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As we enter a period of intense operational activity in NAMA (more tranches, debtor business plans, providing working capital and development funds to debtors and of course Paddy McKillen’s judicial review of the whole project) you could be forgiven for losing sight of the over-all context for NAMA. To help counter a serious disturbance in our economy, NAMA was part of a range of measures to rescue banks that were seen as being systemic to our economy. It was understood from the outset that NAMA would involve State-aid being given to private-sector banks and this was mainly expressed in the mechanism whereby NAMA was not paying the present market value of the loans but was paying a premium – the Long Term Economic Value (LEV) premium. This premium was State-aid and is recognised as such by the EU.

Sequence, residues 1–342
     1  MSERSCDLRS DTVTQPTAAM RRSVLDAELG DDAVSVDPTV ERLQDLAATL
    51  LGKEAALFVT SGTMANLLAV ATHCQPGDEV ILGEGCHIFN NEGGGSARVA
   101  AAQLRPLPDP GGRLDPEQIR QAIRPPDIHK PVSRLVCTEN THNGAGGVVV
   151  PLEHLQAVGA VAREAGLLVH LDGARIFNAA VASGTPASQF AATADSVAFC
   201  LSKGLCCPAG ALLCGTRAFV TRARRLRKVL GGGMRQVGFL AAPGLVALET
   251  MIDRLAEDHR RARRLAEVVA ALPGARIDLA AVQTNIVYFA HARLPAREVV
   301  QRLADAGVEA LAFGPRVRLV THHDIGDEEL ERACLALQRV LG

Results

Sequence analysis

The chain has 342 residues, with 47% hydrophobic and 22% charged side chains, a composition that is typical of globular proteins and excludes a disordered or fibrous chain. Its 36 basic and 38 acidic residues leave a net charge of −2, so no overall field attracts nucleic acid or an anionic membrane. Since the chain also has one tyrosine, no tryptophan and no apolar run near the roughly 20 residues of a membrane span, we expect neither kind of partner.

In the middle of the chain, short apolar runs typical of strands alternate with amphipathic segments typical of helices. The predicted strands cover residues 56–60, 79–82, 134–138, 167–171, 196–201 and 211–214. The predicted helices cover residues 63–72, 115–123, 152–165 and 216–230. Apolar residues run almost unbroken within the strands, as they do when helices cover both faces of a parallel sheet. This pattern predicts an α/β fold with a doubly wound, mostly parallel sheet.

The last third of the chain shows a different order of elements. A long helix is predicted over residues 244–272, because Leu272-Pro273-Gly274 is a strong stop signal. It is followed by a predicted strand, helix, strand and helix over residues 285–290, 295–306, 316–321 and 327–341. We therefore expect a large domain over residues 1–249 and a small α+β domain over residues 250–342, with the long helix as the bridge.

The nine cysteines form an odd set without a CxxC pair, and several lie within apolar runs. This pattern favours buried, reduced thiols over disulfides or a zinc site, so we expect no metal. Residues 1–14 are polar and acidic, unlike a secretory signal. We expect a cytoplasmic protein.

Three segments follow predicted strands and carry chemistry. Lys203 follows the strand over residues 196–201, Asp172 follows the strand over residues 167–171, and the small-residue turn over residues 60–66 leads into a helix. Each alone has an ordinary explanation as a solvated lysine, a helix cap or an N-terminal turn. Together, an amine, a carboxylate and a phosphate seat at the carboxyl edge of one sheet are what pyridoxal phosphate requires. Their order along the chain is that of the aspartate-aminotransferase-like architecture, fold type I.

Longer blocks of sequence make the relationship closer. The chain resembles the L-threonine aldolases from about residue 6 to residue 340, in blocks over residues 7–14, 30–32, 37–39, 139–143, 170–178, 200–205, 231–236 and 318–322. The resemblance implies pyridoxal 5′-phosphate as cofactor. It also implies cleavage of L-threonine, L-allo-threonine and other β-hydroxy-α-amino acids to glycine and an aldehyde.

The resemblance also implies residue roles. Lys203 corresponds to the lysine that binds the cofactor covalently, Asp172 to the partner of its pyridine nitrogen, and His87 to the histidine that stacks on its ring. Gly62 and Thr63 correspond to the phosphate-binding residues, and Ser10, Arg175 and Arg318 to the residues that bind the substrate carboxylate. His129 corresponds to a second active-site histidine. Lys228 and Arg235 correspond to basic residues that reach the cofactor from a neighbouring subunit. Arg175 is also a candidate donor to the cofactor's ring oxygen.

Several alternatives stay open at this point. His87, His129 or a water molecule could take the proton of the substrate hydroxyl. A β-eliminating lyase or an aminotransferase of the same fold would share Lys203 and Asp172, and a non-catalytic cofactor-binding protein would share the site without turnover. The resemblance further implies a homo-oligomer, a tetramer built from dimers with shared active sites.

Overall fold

Of course when approval was sought for NAMA – remember the old numbers, €77bn of loans, €54bn of consideration, €47bn present asset values, €7bn LEV premium –  that State-aid had a value of €7bn which was subject to a reduction of €2.7bn if NAMA didn’t make a profit (5% of the €54bn original planned consideration was going to be via subordinated debt which would not be honoured if NAMA didn’t turn a profit). When granting approval to NAMA in February, 2010, the EU made some changes to the way in which NAMA calculated consideration and attempted to reduce the State-aid through forcing NAMA to apply a higher discount rate to the LEV.